Alex P. Holocaust testimony (HVT-126) interviewed by Dori Laub and Michael Moskowitz
- New York, N.Y. : Holocaust Survivors Film Project, 1981
- Interview Date
- August 2, 1981.
- 3 copies: 3/4in. master; 3/4in. dub; and 1/2in. VHS with time coding.
- Cite As
- Alex P. Holocaust Testimony (HVT-126). Fortunoff Video Archive for Holocaust Testimonies, Yale University Library.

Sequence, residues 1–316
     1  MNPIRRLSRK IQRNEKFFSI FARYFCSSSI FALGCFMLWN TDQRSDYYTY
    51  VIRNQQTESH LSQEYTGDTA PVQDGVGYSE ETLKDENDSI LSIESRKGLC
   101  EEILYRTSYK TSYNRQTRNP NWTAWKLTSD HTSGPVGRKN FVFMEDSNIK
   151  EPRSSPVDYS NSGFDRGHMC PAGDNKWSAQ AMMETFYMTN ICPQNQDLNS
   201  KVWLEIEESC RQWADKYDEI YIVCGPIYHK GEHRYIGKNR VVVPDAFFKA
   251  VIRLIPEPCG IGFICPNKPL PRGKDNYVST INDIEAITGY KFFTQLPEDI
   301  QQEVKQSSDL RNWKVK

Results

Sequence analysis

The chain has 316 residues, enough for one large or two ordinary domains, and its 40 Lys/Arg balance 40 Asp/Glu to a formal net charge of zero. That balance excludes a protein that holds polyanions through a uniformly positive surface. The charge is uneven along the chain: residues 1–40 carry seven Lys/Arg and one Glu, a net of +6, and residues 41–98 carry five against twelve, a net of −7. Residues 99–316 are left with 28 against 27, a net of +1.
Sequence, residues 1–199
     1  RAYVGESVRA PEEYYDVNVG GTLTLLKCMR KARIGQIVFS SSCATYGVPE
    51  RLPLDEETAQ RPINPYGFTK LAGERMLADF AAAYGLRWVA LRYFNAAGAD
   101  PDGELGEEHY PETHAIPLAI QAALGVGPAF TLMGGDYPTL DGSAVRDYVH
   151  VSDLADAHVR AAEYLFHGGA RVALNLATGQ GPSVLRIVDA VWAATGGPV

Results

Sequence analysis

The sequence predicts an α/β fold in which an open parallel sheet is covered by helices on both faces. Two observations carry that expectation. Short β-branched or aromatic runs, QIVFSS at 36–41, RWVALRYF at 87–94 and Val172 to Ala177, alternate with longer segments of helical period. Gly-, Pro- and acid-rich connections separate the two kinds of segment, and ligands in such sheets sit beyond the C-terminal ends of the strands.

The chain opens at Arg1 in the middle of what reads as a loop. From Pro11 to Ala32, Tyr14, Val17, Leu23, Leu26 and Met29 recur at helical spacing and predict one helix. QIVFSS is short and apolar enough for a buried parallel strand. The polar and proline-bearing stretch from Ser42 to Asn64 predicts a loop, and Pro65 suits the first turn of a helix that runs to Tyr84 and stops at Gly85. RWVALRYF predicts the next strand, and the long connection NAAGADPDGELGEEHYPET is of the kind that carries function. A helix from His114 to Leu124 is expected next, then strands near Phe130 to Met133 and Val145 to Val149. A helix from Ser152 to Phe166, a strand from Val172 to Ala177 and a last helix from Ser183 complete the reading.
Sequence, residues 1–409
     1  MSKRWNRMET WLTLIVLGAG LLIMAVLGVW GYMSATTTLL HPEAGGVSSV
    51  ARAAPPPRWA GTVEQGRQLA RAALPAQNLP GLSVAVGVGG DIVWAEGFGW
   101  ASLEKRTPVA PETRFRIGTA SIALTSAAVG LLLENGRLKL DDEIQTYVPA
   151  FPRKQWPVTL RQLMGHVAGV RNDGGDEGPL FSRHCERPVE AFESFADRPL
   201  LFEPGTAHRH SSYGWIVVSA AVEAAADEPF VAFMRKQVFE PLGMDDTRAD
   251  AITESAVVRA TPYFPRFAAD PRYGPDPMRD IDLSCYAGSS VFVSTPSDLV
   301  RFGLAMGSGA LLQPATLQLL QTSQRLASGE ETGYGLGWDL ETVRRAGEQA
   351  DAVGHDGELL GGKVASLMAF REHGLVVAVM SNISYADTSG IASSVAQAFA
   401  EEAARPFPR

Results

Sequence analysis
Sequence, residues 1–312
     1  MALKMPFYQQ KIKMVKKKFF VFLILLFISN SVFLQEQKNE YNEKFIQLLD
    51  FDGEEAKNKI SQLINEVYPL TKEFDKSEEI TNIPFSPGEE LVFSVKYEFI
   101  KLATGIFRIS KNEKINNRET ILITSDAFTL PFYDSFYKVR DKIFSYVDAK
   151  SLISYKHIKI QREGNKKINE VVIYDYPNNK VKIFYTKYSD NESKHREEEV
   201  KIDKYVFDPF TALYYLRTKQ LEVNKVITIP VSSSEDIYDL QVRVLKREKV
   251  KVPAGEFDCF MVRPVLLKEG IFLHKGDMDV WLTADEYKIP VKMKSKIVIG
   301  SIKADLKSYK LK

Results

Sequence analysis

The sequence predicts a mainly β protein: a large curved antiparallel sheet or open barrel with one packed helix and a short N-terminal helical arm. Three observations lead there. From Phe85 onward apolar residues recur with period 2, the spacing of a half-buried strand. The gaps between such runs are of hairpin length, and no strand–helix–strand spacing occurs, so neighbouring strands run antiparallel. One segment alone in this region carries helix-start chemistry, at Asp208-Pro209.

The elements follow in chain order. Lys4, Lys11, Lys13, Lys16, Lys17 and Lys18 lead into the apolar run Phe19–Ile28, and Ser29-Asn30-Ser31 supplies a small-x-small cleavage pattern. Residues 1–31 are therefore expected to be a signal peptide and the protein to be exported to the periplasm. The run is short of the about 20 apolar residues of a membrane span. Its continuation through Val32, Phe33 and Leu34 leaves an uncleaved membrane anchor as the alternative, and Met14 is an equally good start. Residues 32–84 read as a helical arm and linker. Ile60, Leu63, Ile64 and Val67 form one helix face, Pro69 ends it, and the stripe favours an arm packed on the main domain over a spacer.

Videotape testimony of Alex P., who was born in Szerencs, Hungary, one of eight children. He speaks of his happy life before the war, when he ran his father's bakery. He recalls the rise of Nazism in Szerencs in the late 1930s and tells how, in 1938/1939, he was drafted into the Jewish slave labor brigade of the Hungarian army and separated from his pregnant wife, whom he never saw again. He talks of working in Galicia, Munkacs, and elsewhere in Poland; of his stay in a quarantine camp in Transnistria; and of accompanying his brigade to Budapest, where he was liberated in January, 1945. Mr. P. describes his postwar return home, noting the reception he got from the townspeople and his feelings upon learning that his wife and four-year-old daughter, whom he had never seen, had been killed in Auschwitz. Other topics of discussion include his life in the United States, where he remarried and worked as a baker; and his son, "a feeling Jew" to whom he has communicated his experiences.